Paradise in Plain Sight
Paradise in Plain Sight revolves around a garden Maezen and her husband acquired as a backyard, along with their new home, in 1997, at the start of their marriage. It is the oldest surviving Japanese garden in Southern California, once part of a large garden estate, and at the time they bought it, overrun by invading English Ivy and runaway bamboo. Repairing and caring for this garden became a major focus of Maezen’s life, parallel to her evolution as a wife, mother, and ultimately, Zen teacher. In this beautiful book, the garden manages to be both metaphor and not metaphor – a way of talking about lessons of transience, acceptance, forgiveness, endurance, discipline and more. In her hands, each part of the garden – the ponds, the trees, the flowers, the critters – become metaphors for these themes; and yet, they are also not metaphors, but simply parts of a whole - the real garden (shown in the accompanying pictures.)
The ultimate theme of this book is that our life as it is, not as we would like it to be, is both the ground and fruit of our spiritual practice – this is our paradise. Of course this is easy to say, and almost cliché when we do, but realizing it, and living it, is another thing altogether, and what practice is really meant to support us in. Because Maezen shares so many stories from her life and garden to illustrate this, Paradise in Plain Sight is a book anyone can enjoy, without prior Buddhist knowledge. Yet it’s a testament to the book’s depth, and its Zen transmission, that long-time Buddhists will discover many rich nuggets of wisdom within its pages as well. Consider this explanation of The Four Noble Truths:
“1. Life is suffering. Things change.
2. The origin of suffering is attachment. It hurts when things change.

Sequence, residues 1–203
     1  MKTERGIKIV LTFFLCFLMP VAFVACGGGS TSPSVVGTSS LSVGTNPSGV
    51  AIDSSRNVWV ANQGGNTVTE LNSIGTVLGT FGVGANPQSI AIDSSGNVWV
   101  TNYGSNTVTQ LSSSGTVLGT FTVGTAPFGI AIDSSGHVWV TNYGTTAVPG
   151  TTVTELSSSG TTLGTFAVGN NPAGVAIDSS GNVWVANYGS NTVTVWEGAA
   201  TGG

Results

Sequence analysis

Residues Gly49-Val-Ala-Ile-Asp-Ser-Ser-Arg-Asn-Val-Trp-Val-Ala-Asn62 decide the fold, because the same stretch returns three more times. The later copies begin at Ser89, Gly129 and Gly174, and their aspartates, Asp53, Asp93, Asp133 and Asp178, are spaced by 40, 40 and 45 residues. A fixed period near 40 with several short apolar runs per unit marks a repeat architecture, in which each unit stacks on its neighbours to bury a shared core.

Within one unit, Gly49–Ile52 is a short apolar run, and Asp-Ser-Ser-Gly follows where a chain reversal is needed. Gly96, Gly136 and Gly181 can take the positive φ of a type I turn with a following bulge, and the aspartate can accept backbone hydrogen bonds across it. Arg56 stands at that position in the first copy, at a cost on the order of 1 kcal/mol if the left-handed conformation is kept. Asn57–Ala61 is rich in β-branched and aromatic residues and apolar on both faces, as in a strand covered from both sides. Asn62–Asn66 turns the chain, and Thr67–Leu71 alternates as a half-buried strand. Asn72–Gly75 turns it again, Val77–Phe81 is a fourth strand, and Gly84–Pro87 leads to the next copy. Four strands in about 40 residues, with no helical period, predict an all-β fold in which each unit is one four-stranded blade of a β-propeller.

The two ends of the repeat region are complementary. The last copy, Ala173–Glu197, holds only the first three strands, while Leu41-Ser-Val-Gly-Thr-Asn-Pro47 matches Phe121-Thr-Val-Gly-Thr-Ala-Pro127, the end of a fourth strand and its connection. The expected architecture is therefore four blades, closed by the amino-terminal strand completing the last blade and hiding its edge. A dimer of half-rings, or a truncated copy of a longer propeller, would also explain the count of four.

3. The cessation of suffering is attainable. Accept that things change.
4. There is a way out of suffering. By changing yourself.”
Maezen shares many stories from her time spent with her root teacher, Taizan Maezumi Roshi (1931-1995), one of the most influential Zen teachers to come to the West. She talks about what it means to be a student, the joys and struggles of sangha (spiritual community), and the maturing of a meditation practice over time. In this passage, she shares part of what Maezumi offered her:
“Maezumi introduced me to a dimension of love that we do not often experience. His love was not administered in the guise of charity or sympathy. He did not serve as a counselor, advocate, or intermediary. He had no suggestions for how I could improve myself. He simply sat in a room. When he rang a bell, you could enter, sit in front of him, and be seen. The two of us would talk a little and laugh or cry: whatever. Gradually, I would relax and stop trying to make an impression. His kindness was the profound kindness of seeing a person or thing completely, without judgment. I learned two things by this: that it is rare to be seen and that seeing without judging is an act of love.”
Paradise in Plain Sight is a beautifully written, insightful book that will deepen any established practitioner’s insight, or serve as a wonderful introduction to the dharma, and particularly Zen, for the interested beginner.
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